On the skills in the Danish office, there is an international co-operation aspect to this matter; that aspect is not insignificant, although it is not the main driver behind the draft order. Successful co-operation reduces costs and makes patents more effective.

The Danish examiners have continued to search and examine since the law changed to end examination in 1995, so those skills have not been lost—they continue to be practised. The staff involved all speak and write good English, both general and technical, and have the necessary search and examination skills. They examine to the same criteria as the UK using the same electronic search system, EPOQUE, which is maintained by the European Patent Office. Increasingly, such matters extend beyond our shores and are international—certainly Europe-wide. During the past year or so, the European Patent Office has worked closely with Denmark and the Netherlands to ensure that the English of their examiners is adequate. They use a closely aligned system, so there should not be any difficulties in that regard.

The hon. Member for Blaby mentioned fees. A fees review is in progress, but that often happens and there is nothing sinister or odd about it. There is no connection between contracting out and any change in fees. Fees are reviewed from time to time. The current proposal is cost neutral and the charges will be exactly the same. I have already dealt with the question of national security, so that concludes my answers to the points he raised.

Turning to the points made by the hon. Member for Teignbridge (Richard Younger-Ross), a small amount of work is being contracted out—equivalent to that of about 10 examiners. The current work load for the Danish office would be 250 searches in the first year and 500 in the second, with no examinations. For the Netherlands office, the figure would be 150 searches in the first year and 250 in the second, involving cases that cover six specific areas of technology. That is less than 5 per cent. of UK input, which consists of 15,000 searches and 12,000 examinations per year—quite a large volume of business, as I am sure the hon. Gentleman appreciates. If the measure is successful, that figure could be increased to 10 per cent., but I do not expect it to increase more than that. The order provides flexibility that will enable the system to deal with business more rapidly and process a greater amount of work in a shorter period.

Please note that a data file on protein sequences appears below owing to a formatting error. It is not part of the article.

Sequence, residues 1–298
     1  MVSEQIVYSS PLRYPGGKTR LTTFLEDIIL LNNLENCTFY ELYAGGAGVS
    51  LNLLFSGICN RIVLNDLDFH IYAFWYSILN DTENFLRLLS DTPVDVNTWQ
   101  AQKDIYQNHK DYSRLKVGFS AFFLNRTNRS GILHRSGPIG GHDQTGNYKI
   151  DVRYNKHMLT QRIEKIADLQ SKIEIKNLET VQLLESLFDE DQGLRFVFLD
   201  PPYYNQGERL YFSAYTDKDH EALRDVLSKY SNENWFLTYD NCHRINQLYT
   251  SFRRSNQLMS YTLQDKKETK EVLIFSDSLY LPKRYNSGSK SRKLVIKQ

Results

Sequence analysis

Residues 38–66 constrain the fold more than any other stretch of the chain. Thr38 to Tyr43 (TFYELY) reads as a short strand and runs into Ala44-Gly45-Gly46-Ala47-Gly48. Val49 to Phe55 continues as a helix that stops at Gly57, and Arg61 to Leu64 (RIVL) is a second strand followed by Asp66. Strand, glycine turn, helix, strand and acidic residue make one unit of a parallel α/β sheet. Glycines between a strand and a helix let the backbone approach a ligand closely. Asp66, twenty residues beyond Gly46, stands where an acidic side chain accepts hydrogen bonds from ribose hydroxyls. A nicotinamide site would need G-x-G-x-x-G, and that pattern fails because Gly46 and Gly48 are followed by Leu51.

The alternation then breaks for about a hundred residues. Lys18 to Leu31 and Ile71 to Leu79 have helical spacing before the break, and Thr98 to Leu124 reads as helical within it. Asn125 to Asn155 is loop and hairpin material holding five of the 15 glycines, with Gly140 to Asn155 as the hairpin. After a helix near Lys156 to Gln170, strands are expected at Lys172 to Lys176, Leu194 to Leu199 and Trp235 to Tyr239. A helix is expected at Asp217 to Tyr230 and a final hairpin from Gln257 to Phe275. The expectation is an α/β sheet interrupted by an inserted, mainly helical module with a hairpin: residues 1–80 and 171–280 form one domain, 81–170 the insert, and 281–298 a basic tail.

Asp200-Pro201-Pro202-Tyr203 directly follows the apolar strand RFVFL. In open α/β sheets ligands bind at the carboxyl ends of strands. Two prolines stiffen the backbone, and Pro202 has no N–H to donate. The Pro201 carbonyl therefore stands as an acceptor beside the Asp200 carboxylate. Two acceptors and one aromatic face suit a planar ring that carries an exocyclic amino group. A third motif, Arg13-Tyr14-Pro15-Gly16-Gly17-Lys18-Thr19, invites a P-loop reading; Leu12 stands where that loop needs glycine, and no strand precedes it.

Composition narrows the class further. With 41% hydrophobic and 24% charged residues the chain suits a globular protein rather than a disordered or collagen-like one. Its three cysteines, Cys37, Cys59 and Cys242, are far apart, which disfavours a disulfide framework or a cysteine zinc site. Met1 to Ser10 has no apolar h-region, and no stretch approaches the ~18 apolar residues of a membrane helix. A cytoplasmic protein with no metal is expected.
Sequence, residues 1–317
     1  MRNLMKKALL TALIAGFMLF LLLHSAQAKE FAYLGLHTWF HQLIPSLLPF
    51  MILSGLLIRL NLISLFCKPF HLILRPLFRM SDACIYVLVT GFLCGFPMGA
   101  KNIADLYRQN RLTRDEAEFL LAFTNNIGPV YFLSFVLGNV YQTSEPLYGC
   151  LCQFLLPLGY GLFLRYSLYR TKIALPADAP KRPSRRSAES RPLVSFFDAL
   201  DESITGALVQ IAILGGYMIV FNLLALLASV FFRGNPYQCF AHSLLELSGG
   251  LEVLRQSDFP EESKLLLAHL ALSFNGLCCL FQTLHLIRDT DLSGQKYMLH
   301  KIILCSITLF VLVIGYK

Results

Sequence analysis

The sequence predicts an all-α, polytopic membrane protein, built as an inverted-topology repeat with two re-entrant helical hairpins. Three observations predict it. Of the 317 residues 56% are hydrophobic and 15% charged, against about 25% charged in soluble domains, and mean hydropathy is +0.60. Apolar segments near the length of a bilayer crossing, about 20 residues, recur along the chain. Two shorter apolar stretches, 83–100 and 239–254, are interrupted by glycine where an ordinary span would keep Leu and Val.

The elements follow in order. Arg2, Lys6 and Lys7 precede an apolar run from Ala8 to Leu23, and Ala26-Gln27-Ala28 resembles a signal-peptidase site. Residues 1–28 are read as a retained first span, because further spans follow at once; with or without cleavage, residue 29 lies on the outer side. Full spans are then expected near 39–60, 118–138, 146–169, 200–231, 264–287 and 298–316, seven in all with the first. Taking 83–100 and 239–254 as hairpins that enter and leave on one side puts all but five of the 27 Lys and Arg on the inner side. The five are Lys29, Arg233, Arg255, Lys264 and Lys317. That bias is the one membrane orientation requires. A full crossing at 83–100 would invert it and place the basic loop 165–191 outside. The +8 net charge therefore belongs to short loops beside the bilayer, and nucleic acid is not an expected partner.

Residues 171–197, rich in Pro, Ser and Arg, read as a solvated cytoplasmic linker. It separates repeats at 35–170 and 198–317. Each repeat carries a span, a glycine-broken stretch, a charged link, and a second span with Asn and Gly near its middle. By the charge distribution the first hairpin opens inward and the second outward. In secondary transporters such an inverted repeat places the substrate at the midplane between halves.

Funding will come from the Patent Office's budgets. The measure brings forward expenditure, but does not change the total viable expenditure because without the order, the money would have to be spent over a longer period, providing a slower service.

In conclusion, I draw the Committee's attention to the fact that work will start soon if all parties are

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content. I believe that the draft order is a significant measure that will provide increased flexibility for the Patent Office. It will improve the service the office can offer to customers and prepare it for international co-operation. I commend the order to the Committee.

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Question put and agreed to.


    That the Committee has considered the draft Contracting Out (Functions in Relation to Applications for Patents) Order 2002.

Committee rose at eight minutes to Five o'clock.

The following Members attended the Committee:
Amess, Mr. David (Chairman)
Caton, Mr.
Edwards, Mr.
Goodman, Mr.
Jackson, Glenda
Johnson, Miss Melanie
Jones, Lynne
Mann, John
Miller, Mr.
Murphy, Mr. Jim
Osborne, Mr. George
Plaskitt, Mr.
Robathan, Mr.
Younger-Ross, Richard

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Prepared 26 November 2002